Granted: I don't really keep up with all the details involving every open source project I use, but mostly focus on whether I like it or not. And I couldn't help notice that recent Dovecot upgrades didn't exactly go as smoothly as I wanted to; most specific some massive changes in the configuration files for example. Instead of one you now get dozens and often have to hope that you'll pick the right one for the right setting; it's not always as logical as it could be.

For example: I used to rely on Dovecot providing Postfix with a socket for authentication. This made it quite easy to administrate one dedicated mail related user databases for all mail related software (Postfix / Dovecot). Usually found within the auth default {} structure. So here I was assuming I'd find this in conf.d/10-auth.conf but no... That would obviously be much too logical. Instead we're going to include even more config files making the whole process much too tedious than I care for.

Sure, once you realize as much it's easy, and it's also not that hard to figure out. But "figuring out" is also time wasted on something trivial which could have been better spent on actually configuring all the options I needed.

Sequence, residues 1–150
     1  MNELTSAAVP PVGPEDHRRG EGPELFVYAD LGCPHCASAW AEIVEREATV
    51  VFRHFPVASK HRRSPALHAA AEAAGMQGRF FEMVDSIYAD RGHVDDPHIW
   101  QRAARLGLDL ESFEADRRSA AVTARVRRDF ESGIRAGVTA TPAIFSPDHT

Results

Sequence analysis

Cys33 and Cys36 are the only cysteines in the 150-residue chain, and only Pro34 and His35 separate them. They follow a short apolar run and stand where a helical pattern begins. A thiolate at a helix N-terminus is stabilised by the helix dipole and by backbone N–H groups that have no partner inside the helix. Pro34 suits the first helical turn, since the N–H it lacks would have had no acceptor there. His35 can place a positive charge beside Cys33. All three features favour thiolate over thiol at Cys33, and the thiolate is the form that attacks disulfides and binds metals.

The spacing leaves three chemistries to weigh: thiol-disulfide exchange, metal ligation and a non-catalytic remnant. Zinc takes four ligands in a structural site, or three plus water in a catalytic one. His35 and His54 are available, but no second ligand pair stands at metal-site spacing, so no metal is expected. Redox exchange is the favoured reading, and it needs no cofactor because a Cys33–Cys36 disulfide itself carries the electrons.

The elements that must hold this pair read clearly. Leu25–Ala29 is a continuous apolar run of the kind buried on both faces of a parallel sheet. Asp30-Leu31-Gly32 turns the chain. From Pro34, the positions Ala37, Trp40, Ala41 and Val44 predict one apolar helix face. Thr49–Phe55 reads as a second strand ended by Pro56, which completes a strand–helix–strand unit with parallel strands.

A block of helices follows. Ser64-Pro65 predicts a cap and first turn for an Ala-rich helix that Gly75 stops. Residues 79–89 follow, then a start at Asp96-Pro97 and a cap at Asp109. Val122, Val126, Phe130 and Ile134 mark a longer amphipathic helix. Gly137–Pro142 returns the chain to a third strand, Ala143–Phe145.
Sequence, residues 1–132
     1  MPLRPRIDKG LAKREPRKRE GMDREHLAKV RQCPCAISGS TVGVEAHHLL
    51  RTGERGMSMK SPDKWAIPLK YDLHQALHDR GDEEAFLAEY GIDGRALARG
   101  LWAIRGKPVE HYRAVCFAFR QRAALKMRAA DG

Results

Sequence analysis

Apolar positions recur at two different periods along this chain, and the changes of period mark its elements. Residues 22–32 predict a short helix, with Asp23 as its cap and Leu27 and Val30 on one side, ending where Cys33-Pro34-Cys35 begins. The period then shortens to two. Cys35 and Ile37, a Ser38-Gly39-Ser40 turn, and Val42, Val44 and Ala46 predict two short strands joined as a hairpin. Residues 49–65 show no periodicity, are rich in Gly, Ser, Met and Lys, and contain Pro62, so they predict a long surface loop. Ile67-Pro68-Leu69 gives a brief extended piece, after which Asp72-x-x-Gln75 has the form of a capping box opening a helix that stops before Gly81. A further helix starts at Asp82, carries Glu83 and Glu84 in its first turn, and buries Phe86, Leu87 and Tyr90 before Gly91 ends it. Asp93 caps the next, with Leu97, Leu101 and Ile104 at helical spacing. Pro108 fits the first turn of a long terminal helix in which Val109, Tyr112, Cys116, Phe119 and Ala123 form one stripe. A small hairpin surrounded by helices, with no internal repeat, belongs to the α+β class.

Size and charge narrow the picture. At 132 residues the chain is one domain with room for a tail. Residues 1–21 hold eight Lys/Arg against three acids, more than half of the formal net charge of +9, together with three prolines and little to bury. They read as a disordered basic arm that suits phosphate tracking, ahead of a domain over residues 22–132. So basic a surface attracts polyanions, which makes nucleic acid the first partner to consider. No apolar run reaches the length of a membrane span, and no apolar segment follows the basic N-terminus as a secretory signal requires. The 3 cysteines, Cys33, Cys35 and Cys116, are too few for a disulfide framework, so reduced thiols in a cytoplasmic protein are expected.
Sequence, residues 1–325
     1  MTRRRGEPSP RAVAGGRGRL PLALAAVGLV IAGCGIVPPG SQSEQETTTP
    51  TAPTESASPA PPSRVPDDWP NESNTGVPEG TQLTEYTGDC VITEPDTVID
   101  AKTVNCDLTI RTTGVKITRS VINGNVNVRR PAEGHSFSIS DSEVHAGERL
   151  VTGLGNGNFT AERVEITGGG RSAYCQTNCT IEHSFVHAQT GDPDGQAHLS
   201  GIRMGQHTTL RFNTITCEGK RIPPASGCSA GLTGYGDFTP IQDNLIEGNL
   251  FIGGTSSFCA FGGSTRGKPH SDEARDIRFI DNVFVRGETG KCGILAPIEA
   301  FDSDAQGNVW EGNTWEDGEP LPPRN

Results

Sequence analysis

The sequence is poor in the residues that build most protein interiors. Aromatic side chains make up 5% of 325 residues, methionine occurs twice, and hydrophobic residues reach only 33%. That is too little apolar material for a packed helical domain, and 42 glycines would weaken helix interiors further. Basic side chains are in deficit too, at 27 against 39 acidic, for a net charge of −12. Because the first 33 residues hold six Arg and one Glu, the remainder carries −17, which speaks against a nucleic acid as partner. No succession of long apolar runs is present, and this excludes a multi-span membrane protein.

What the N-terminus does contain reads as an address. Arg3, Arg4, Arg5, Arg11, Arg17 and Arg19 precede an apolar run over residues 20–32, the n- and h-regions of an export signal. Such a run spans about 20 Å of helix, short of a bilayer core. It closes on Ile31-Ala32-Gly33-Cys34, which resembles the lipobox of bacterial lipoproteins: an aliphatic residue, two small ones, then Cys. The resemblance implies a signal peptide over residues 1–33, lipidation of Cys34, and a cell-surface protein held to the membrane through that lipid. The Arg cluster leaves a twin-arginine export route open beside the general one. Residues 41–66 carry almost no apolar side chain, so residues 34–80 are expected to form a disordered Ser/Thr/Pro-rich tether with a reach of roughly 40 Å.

So yeah, if I read this; them planning to add even more stuff into Dovecot which I totally don't care for then I'll probably be re-evaluating my pick for POP3/IMAP really soon. Although I appreciate the integrated Postfix support, but having both environments perform lookups in a (PostgreSQL) back end database should serve my needs just as well. And then I'd rather use something small and to the point, instead of something which has dozens of options I don't need nor care for.

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Q. Why's Oracle so two-faced over open source? A. Moolah, wonga, dosh

ShelLuser
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Stop

They don't love open source

... but they really go wild for free labor!

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Dumb bug of the week: Outlook staples your encrypted emails to, er, plaintext copies when sending messages

ShelLuser
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Facepalm

c'mon...

Everyone (should) knows that opening attachments within e-mails that originate from unknown sources are best left unopened. So what could possibly go wrong here? :)